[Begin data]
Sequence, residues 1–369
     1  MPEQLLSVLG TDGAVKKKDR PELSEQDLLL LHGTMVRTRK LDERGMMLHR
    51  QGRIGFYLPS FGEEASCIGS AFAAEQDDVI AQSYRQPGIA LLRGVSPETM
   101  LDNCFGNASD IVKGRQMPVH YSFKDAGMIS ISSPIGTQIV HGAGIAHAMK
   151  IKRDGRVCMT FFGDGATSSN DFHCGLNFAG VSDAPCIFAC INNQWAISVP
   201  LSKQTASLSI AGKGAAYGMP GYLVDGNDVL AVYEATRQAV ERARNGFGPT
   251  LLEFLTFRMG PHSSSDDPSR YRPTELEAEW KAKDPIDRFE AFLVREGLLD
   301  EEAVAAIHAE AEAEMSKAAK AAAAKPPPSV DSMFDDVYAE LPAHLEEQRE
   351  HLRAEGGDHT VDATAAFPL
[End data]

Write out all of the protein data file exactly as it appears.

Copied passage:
Sequence, residues 1–369
     1  MPEQLLSVLG TDGAVKKKDR PELSEQDLLL LHGTMVRTRK LDERGMMLHR
    51  QGRIGFYLPS FGEEASCIGS AFAAEQDDVI AQSYRQPGIA LLRGVSPETM
   101  LDNCFGNASD IVKGRQMPVH YSFKDAGMIS ISSPIGTQIV HGAGIAHAMK
   151  IKRDGRVCMT FFGDGATSSN DFHCGLNFAG VSDAPCIFAC INNQWAISVP
   201  LSKQTASLSI AGKGAAYGMP GYLVDGNDVL AVYEATRQAV ERARNGFGPT
   251  LLEFLTFRMG PHSSSDDPSR YRPTELEAEW KAKDPIDRFE AFLVREGLLD
   301  EEAVAAIHAE AEAEMSKAAK AAAAKPPPSV DSMFDDVYAE LPAHLEEQRE
   351  HLRAEGGDHT VDATAAFPL